was more typical of the edifying fare we normally saw.
We practised preaching, under the guidance of the Student-Master. The audience was the student-body, invited to offer constructive criticism of the homiletic efforts of each of the future Fulton Sheens we hoped to be.
We were also given a precious supplement to our theological studies. The Christian Brothers had a training center near the College, and we were given the opportunity to learn the fundamentals of practical pedagogy, by teaching classes of small children in a specially constructed facility, which boasted, in one of the classrooms, a back wall made of one-way glass. The kids would come into the classroom and try to peer through the mirror to see if there were student-teachers in the room behind it. Of course, all they saw was their own faces. We sat in tiered seats, Christian Brothers and Franciscans, witnessing the performance of a fellow-student trying his hand at teaching eleven-year olds, expertly analyzed in real time by the Christian Brother Master of Method.
I mention this experience of practice preaching and teaching because of the fact that many of us, in later years, already ordained but suffering serious doubts about pursuing our “vocation“, had to face the fact that our seven or eight years of preparation for the priesthood did not allow us to acquire any truly marketable skills. “To dig I am not able, to beg I am ashamed” (Luke 6:3). The Gospel text did not add this other cause for hesitation in some young priests’ temptation to be “reduced to the lay state”, to abandon the priesthood, with or without a Papal dispensation, and seek a job in the … real world. (Many others, including much older priests, faced as well the, to them, insurmountable obstacle of disappointing, offending, scandalizing and being rejected by their families.) Years later, at the time I decided to leave the Order and the Priesthood, many of my fellow-priests who did leave, found themselves literally unemployable, if they could not find financing for the studies necessary to acquire the skills and degrees of a lawyer, an accountant or a social worker; they were reduced to taking any job, even the most menial, which was available. One former Sydney priest I knew had to make his living as a truck driver delivering bread. Another, mindful perhaps of the Gospel phrase which he had never applied to himself, “To dig I am not able“, ended up as a grave-digger.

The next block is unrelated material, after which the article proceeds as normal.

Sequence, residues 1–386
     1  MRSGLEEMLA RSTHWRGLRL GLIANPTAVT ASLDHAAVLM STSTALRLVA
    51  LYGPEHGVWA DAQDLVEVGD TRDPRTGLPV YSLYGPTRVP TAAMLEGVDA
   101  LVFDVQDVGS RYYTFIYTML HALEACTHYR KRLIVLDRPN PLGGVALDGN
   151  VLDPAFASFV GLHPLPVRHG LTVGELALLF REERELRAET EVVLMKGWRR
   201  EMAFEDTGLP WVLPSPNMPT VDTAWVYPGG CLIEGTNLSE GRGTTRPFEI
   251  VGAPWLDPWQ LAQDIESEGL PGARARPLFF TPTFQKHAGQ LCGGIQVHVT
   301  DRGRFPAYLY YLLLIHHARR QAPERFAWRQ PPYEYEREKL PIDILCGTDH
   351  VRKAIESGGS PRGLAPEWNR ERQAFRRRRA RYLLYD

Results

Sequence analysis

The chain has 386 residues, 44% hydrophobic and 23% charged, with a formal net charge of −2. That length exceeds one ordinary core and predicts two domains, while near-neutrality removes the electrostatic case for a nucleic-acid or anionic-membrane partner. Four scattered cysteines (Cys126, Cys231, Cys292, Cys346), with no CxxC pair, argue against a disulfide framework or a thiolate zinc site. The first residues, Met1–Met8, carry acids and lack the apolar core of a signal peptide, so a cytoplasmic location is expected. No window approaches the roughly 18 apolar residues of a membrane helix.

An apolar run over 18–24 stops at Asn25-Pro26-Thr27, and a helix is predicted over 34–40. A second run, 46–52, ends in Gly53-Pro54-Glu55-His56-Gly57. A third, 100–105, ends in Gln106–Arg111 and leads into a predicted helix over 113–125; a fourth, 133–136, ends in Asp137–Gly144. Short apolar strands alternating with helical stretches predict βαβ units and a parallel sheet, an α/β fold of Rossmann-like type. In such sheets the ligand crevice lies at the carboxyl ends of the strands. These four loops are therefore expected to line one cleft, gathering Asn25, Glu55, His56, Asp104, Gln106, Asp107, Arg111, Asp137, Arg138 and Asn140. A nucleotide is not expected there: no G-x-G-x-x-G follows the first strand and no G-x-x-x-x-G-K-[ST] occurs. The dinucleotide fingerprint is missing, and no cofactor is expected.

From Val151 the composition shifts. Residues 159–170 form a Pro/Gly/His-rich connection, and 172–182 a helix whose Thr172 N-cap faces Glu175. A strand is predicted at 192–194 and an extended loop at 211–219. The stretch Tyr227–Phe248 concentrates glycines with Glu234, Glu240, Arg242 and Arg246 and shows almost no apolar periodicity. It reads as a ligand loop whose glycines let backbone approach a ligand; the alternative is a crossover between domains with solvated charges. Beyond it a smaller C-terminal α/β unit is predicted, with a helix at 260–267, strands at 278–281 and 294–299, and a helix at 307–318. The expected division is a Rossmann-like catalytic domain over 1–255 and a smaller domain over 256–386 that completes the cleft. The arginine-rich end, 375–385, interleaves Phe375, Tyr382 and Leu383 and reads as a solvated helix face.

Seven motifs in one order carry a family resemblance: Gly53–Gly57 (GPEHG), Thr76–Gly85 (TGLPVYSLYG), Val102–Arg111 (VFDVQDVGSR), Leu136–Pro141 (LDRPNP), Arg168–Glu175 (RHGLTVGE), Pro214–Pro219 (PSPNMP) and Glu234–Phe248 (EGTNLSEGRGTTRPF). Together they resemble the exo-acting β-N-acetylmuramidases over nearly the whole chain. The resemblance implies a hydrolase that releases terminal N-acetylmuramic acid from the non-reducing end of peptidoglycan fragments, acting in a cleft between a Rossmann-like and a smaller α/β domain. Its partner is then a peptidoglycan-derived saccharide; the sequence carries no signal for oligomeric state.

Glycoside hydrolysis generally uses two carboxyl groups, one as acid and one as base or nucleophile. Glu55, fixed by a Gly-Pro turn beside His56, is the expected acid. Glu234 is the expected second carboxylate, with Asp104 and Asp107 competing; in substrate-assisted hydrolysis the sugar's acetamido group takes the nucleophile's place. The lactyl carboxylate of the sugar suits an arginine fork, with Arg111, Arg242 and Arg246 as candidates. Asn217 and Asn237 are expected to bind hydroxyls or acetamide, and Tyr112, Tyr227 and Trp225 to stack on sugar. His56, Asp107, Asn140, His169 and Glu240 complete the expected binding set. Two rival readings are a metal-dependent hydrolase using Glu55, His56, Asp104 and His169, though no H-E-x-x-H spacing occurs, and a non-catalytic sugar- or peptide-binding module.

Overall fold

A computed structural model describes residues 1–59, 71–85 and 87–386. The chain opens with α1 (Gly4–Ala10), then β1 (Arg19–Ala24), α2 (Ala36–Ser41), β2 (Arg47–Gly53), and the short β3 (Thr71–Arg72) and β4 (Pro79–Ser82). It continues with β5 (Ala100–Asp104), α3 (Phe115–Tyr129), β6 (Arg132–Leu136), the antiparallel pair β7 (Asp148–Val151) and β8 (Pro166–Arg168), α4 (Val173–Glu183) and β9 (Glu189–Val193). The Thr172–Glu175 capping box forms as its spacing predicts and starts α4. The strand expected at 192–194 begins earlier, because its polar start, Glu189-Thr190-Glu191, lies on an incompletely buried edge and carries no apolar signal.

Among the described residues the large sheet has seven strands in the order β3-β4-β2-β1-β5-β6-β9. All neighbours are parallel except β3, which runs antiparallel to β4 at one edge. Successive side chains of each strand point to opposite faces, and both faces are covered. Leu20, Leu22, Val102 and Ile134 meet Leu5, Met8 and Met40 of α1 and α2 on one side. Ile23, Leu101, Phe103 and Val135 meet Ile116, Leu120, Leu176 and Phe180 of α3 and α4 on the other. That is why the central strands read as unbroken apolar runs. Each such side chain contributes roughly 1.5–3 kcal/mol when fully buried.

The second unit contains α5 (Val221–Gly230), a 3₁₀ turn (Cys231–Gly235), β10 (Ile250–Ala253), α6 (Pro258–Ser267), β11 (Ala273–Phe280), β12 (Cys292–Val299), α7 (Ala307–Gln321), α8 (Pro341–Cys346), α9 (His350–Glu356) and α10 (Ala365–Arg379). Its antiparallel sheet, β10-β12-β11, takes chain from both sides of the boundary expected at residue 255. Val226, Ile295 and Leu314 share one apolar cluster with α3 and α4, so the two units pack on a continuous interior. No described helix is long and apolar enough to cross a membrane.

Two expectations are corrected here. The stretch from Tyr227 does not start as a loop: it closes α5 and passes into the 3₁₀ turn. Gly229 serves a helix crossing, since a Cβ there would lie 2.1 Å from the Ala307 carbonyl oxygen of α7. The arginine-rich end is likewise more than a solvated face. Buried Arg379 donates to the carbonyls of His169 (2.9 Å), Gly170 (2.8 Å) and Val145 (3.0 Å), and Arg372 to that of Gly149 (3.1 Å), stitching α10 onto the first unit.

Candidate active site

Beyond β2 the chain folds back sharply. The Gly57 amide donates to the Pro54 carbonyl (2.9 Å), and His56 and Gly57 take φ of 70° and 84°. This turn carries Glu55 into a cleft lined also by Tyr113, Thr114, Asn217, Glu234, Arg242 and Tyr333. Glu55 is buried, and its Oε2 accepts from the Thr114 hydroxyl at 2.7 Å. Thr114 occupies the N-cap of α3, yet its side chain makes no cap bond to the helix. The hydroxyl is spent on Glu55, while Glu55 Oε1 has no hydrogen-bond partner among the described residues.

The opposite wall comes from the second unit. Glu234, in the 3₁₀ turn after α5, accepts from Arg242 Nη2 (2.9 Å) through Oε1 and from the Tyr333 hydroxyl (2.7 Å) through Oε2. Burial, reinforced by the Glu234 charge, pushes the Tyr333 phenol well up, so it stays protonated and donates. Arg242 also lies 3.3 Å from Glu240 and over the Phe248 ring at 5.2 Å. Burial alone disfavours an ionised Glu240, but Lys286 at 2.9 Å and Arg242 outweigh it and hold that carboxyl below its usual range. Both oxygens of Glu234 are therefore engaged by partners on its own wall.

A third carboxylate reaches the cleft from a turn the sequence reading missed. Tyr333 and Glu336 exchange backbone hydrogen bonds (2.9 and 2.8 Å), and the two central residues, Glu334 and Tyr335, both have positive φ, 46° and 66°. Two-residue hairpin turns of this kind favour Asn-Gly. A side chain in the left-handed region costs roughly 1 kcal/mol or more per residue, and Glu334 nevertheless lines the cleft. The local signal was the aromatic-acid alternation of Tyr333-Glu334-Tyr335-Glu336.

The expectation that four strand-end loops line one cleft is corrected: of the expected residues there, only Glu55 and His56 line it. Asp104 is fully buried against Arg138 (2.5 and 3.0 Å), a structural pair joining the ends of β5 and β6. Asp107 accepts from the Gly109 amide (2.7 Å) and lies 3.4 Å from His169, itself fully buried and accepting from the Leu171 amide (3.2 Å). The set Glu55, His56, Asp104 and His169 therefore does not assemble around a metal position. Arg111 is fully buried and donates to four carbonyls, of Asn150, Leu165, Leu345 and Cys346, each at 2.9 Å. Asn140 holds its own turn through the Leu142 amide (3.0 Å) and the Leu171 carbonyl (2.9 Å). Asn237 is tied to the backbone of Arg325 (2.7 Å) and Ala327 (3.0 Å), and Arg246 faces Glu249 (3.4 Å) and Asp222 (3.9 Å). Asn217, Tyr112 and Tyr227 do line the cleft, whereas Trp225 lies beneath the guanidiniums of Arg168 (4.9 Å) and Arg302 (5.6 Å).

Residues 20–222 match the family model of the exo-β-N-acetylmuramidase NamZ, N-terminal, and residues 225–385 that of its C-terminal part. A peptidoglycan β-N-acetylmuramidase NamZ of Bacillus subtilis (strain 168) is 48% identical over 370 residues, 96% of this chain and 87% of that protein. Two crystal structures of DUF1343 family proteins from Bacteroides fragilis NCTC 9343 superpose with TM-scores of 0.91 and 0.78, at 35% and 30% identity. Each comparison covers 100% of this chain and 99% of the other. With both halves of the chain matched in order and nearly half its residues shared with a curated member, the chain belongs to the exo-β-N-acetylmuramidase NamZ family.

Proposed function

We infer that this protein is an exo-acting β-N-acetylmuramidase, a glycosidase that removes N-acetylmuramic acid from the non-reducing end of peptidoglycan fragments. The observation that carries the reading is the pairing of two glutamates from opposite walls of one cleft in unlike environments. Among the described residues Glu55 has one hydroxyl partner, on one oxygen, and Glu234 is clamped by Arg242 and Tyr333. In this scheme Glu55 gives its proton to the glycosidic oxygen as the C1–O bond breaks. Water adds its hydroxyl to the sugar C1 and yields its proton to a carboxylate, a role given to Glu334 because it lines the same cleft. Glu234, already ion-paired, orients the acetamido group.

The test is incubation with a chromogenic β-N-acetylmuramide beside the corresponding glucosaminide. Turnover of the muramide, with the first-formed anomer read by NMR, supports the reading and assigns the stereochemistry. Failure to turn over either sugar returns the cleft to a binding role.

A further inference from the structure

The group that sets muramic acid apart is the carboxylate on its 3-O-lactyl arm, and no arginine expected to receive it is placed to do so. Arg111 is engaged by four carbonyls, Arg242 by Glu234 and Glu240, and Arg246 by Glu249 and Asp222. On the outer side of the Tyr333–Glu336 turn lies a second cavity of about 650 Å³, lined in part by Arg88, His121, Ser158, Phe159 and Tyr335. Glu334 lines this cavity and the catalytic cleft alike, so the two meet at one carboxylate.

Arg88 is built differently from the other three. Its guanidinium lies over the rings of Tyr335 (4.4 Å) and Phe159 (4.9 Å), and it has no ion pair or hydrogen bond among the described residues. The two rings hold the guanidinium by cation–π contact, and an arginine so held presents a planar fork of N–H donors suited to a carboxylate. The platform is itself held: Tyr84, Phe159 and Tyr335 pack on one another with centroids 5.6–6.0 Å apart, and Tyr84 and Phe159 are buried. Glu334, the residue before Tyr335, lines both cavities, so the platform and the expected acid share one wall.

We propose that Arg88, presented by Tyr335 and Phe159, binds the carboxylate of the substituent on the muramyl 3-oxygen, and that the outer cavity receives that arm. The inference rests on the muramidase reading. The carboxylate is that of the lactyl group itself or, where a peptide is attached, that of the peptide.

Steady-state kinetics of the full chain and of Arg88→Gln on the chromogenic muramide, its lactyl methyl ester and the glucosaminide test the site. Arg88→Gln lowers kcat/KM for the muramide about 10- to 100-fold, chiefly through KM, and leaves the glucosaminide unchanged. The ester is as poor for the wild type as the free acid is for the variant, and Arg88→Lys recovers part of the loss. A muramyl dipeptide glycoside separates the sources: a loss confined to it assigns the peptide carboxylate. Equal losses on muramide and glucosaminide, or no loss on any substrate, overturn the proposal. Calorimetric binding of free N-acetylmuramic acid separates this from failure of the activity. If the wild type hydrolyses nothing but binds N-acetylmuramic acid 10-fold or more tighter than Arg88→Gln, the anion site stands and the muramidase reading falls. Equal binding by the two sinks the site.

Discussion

My own academic career left me little in the way of qualifications for most secular jobs. Fortunately I had early and even post-graduate effective training in communication, public-speaking and in teaching. Knowledge of Canon Law, Sacramental Theology and Catholic medico-moral Ethics are not particularly effective selling-points in seeking employment. I am grateful that I would not later find myself as destitute and ill-equipped as so many others who took the risk of leaving the security of the priesthood and trying to begin a career without a minimum of indispensable qualifications and aptitudes.
None of this, once again, was on my mind at any time during my studies. At the minimum age of twenty-four (Robbo had given me the extra year I needed), I was ordained in 1961 in St Mary’s Cathedral, Sydney, by His Eminence Norman Thomas Cardinal Gilroy, my Dad’s old schoolmate at MBK, fifty years before. I concelebrated my First Mass with my two priest-brothers, Mick and Jim, in my old parish church in Kogarah, on the altar that bore my (Uncle Frank’s) name.
I was now a “sacerdos in aeternum“, “a priest forever“, totally devoid of doubt, filled with faith, in my religion and in my chosen calling. I could not imagine that seven years later I would ask the Pope to dispense me from the vows I had so willingly taken, or that it would take another ten years for me to make the definitive step into atheism.